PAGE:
Mindy’s story: from an ER visit to the fight of her life

photo of Mindy on top of a doctor holding a ribbon

In 2017, Mindy Simons had several things she wanted to bring up to her primary care doctor.

“I fainted several times. Then I felt very weak on a trip I took. I also began craving crushed ice constantly. Something I read about that concerned me a lot,” says Mindy, a financial recovery specialist for BlueCross BlueShield of Tennessee.

Tests her doctor ordered pointed to anemia, a condition where there aren’t enough red blood cells to carry oxygen to the body.

“My doctor called and told me to go the emergency room right away,” explains Mindy.

Tests there to find the source of Mindy’s anemia quickly followed, including a colonoscopy. That’s when things became even more concerning.

“My doctor said I had stage 4 rectal cancer,” Mindy recalls. “For someone with no family history of colorectal cancer, it was a shock. I was only 44. All I could think was ‘what do I do now?’.”

Getting through treatment and surgeries

Mindy remembers the following weeks and months as a daze of exams and tests. She started four months of chemotherapy followed by six weeks of radiation.

She then had surgery to remove her rectum and lymph nodes. During this procedure, the surgeon placed a colostomy bag to help Mindy’s body eliminate its waste.

Recovery from the surgery took months. She later had follow-up surgery to repair a hernia in her abdominal wall and replace the first colostomy bag. She also had radiation for spots on her lungs and started oral chemotherapy.

“It was a long road. Over and over, I kept telling myself I was going to be fine. That’s how I pushed through it,” Mindy remembers.

The path forward

In October of 2019, Mindy’s doctor told her tests showed no evidence of cancer. But she stayed on the oral chemotherapy treatment until October 2021.

While she’ll have a colostomy bag for the rest of her life, she’s appreciative of the stage she’s in now which means reducing the number of tests to once a year. This is letting her get back to the more normal routines of family life she knew before her diagnosis, surgeries, and recovery.

She doesn’t like to dwell on what could have happened if she hadn’t gone to the doctor about her symptoms. She says she is living with cancer and focuses on staying positive and encouraging others to get colon cancer screenings.

“If you think a colorectal cancer screening is uncomfortable, finding it early or preventing it is much better than what I’ve experienced,” she said.

Guidance on screenings starting at 45

Changes made a few years ago to guidelines for colorectal screenings – starting at 45 instead of 50 for those at average risk – reflected an increase in the number of Americans diagnosed at younger ages, according to BlueCross Medical Director Dr. Susan Owensby.

Prompting this change was an estimation that about 12% of colorectal cancer cases would be diagnosed in people under the age of  50 by 2020.

“Colonoscopy is the most comprehensive screening because it gives a view of the whole intestine,” said Dr. Owensby.

These can detect growths called polyps on the lining of the intestines. Not all these polyps are cancerous, but they may become so over time.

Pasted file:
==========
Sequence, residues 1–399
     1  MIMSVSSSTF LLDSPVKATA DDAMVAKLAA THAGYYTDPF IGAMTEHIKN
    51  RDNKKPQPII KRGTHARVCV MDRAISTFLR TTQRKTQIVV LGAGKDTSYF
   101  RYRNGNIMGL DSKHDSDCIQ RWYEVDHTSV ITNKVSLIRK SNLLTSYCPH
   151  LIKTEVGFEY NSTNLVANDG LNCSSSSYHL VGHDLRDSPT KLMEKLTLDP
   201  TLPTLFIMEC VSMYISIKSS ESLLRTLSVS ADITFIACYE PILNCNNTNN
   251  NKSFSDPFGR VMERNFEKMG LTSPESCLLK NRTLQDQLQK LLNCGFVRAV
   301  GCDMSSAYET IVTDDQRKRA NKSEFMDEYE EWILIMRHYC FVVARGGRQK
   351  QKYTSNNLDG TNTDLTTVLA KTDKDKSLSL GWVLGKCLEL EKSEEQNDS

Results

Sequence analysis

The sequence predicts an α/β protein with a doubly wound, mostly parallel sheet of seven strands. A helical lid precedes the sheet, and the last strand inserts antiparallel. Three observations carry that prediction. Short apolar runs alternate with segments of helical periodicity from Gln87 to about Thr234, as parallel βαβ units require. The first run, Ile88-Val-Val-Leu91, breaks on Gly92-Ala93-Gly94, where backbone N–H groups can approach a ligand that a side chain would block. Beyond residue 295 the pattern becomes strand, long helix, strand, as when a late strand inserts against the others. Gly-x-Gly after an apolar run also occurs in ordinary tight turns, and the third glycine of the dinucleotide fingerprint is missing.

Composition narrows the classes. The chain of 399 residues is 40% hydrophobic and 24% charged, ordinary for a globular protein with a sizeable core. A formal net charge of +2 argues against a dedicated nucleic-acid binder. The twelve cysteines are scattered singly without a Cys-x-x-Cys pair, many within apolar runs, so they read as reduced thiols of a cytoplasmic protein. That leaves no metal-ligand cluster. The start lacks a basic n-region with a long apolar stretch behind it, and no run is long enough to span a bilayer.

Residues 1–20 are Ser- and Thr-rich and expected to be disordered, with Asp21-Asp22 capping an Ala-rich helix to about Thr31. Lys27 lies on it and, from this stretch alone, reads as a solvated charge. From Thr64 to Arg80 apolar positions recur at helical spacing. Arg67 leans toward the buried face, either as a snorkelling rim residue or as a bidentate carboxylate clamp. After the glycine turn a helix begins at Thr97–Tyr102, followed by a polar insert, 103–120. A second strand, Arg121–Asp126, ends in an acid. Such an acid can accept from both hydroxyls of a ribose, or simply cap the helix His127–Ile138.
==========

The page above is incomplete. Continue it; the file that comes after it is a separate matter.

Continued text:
More about screening recommendations

Those considered at average risk for colon cancer should begin colorectal cancer screenings at age 45.

If you have a higher risk for colorectal cancer, talk to your doctor to see if you need screenings before age 45. These risk factors include:

  • Family history of colorectal cancer or certain types of polyps
  • Personal history of colorectal cancer or certain types of polyps
  • History of inflammatory bowel disease (ulcerative colitis or Crohn’s disease)
  • A known or suspected family history of a hereditary colorectal cancer syndrome, such as familial adenomatous polyposis (FAP) or Lynch syndrome
  • History of radiation to the abdomen or pelvic area to treat a prior cancer

Learn more about colorectal cancer, screenings and prevention.

Common signs and symptoms of colorectal cancer

  • A change in bowel habits, such as diarrhea, constipation, or narrowing of the stool, that lasts for more than a few days
  • A feeling that you need to have a bowel movement that’s not relieved by having one
  • Rectal bleeding with bright red blood
  • Blood in the stool, which might make the stool look dark brown or black
  • Cramping or abdominal (belly) pain
  • Weakness and fatigue
  • Unintended weight loss

Signs common in those who develop early-onset colorectal cancer

  • Diarrhea
  • Rectal bleeding
  • Abdominal pain
  • Iron deficiency anemia

Marie Mosley

Marie joined the BlueCross BlueShield of Tennessee corporate communications team in 2012. A Florida native, she has 25 years of experience in public relations, community relations, speech writing and special event planning.

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Get more information about specific health terms, topics and conditions to better manage your health on bcbst.com. BlueCross BlueShield of Tennessee members can access wellness-related discounts on fitness products, gym memberships, healthy eating and more through Blue365®. BCBST members can also find tools and resources to help improve health and well-being by logging into BlueAccess and going to the Managing Your Health tab.

Filed under: Real Stories


Marie joined the BlueCross BlueShield of Tennessee corporate communications team in 2012. A Florida native, she has 25 years of experience in public relations, community relations, speech writing and special event planning.